Dirt Bikes + Snowmobiles = Snow-Biking

© Cecile Gambin Photography

The geniuses at The Hershey Company figured out that if you put peanut butter and chocolate together you get something good. Now I’m not quite sure who created the snow-bike but the same concept holds true: take a dirt bike, remove the wheels, slap on a single ski up front and a track similar to that of a snowmobile behind and you get a snow-bike all of which doesn’t melt in your hands and makes you just as giddy as scarfing down a Peanut Butter cup.

Food aside, my good friend Jon Mutiger called up fellow snow-bikers to meet at Britton Creek Rest Area, just off the Coquihalla Highway this past Saturday. We met up with Kevin, Euc, and Dave all eager beaver to hit the snow but kinda spooked by the weather. They weren’t the only ones…according to everybody in the lower mainland, BC just hit record lows and the complaints I heard about the cold were hilarious. But before all you Vancouverites and other fine BC folks get all bent out of shape and call me an ‘Onterrible’ I need to let you know that I hate the cold. I don’t do well in it. My feet and hands have been frostbitten before and really dislike temps below 5C. So, it seemed fitting to try snow-biking for the first time under blue bird skies and morning temps hovering around -25C. The thought of trying my hand at riding in the deep, fluffy snow and photographing riders where a backdrop of crisp, clean whites and deep blues was too alluring to be bothered by the cold. To view all photos please click HERE.

Jon finished working on his bike installing a long track ‘Timbersled’ late Friday night. The plan was to ride 2-UP and I cannot thank Jon enough for agreeing to take me onboard. He smartly adapted BMX foot pegs to the rear of the bike so that I would have somewhere to place my feet. Because of the track the left peg was displaced further back when compared to the right peg which made for an interesting riding position. I couldn’t see myself travelling far distances with one leg stretched out well behind me while the other was in a more normal 90 degree bent position. As it was, Jon’s GPS recorded a 47 km trip. From time to time I did need to stretch and extend my left leg. This however wasn’t a big concern and I adapted quickly. The hardest part was trying to stay on the seat as my snowboard pants slipped on the rock (frozen) solid KTM seat. The steep verticals were a challenge as Jon needed to punch the throttle a few times to get us up and over. Funny enough while I was gripping the seat with my legs…my thoughts wandered back to when I was 15 and at the Canadian National Exhibition in Toronto where I rode a mechanical bull. I used my legs to hold on and allowed my upper body to relax and go with the flow. I’m a day dreamer – thinking of weird things while I should be concentrating – I’m odd like that!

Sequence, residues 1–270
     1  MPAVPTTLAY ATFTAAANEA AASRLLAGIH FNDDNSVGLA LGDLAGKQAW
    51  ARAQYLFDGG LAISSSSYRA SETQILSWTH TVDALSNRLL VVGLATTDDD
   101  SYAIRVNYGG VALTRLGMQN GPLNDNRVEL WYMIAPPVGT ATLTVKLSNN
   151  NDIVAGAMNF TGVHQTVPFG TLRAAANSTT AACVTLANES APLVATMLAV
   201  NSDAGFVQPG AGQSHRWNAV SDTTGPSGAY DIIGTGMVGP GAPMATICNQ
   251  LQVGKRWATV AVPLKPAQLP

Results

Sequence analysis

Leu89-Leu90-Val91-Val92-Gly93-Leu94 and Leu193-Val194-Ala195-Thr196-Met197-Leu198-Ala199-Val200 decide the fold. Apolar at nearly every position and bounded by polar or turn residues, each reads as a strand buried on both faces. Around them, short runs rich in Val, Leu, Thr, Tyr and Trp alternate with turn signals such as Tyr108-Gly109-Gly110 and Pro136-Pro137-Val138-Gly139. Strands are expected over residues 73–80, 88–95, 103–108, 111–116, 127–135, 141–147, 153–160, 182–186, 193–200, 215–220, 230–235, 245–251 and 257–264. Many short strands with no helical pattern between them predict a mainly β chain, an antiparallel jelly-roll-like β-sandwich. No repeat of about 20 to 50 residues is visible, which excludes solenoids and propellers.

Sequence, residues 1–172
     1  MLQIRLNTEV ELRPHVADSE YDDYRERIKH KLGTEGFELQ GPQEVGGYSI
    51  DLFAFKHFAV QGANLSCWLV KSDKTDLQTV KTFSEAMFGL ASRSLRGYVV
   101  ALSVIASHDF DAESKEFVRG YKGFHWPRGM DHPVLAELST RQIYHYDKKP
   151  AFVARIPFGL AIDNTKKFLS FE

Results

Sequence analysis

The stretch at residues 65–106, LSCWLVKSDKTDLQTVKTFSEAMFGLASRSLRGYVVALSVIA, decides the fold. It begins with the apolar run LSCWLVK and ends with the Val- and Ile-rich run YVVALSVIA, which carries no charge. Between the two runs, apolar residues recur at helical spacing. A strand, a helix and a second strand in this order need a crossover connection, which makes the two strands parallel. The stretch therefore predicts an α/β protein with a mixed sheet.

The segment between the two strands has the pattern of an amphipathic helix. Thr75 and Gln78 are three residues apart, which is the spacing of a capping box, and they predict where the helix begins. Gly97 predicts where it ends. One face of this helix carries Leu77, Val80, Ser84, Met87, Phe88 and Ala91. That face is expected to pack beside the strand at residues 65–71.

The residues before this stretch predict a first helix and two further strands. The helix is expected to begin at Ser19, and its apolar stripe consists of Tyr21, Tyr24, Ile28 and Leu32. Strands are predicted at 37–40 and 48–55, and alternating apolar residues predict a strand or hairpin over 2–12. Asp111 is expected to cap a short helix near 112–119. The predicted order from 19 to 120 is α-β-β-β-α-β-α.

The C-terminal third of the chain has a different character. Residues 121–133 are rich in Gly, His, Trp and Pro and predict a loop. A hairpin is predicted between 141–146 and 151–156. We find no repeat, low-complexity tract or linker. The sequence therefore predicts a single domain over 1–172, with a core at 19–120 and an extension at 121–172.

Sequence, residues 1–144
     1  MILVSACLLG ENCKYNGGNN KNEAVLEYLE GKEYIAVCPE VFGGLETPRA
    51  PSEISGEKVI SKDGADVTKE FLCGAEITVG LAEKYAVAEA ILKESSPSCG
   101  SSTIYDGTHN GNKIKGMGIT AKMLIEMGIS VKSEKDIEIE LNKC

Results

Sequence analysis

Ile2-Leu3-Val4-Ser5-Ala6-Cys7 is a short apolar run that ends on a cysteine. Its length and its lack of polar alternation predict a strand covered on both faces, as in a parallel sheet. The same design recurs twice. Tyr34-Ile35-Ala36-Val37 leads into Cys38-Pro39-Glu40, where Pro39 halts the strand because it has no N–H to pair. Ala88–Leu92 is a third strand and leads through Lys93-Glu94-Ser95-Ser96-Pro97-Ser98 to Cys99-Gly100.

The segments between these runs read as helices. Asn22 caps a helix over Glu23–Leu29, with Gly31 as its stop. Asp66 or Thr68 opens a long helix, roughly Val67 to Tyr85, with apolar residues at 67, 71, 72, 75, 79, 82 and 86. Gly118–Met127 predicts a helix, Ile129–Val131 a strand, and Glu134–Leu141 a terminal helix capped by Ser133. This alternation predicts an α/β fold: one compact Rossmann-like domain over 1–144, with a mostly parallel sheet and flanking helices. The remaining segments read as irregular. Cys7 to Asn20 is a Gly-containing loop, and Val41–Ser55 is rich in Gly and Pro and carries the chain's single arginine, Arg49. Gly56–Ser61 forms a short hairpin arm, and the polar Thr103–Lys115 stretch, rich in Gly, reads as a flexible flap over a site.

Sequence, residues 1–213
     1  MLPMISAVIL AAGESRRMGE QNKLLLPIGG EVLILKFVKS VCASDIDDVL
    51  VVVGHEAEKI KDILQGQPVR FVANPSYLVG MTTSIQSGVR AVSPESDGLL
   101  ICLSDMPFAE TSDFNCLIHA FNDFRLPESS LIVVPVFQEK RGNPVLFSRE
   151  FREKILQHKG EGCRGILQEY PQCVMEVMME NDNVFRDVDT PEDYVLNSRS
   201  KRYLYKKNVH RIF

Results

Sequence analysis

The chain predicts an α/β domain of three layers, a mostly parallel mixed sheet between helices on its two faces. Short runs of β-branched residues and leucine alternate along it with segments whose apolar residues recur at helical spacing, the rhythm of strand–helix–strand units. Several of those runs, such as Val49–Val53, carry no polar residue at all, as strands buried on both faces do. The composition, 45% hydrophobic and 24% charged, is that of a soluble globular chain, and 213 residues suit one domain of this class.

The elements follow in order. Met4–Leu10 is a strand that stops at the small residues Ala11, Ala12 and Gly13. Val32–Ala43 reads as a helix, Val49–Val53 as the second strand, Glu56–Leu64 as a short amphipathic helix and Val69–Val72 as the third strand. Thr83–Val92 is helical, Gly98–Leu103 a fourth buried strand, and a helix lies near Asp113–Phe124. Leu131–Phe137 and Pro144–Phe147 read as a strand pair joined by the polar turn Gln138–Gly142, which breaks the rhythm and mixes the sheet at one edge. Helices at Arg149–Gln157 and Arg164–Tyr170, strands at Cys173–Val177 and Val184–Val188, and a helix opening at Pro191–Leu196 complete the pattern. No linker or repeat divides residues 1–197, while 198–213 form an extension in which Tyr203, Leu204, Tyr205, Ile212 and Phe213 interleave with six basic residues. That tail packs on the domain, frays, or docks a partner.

Far from being on a mechanical bull though the ride on the snow-bike was relatively smooth. Until we hit a stump. Jon gasped and squawked milliseconds before we hit and I automatically braced myself gripping tighter with the legs and arms tightening around Jon’s waist. No worries…Jon’s a great rider and he expertly handled the stump – just a bump in the snow.

We did fall a few times though and the landing was soft. Actually, they weren’t ‘true’ falls but more of a slow-motion tip over. Please don’t think that these bikes tip easily. They don’t and are in fact very stable…I think. Alas, I can’t really write about how to ride them, or how they handle as I don’t have the experience and I failed miserably attempting to pilot Jon’s machine later in the day. Apparently, the trick is to give the bike lots of gas off the start. On my first two attempts I barely got the bike in motion and fell over. By the third time I realised how much more gas I needed to give it and happily rode about 10 metres before I had to turn (there were trees in front of me). I made it partially through my turn before I fell over. Jon looked at me patiently as I tried with all my might to lift the 350lb + machine in knee deep snow. I batted my eye lids and reduced myself to a princess by throwing up my hands in the air and yelled ‘I can’t lift it…it’s TOO heavy’.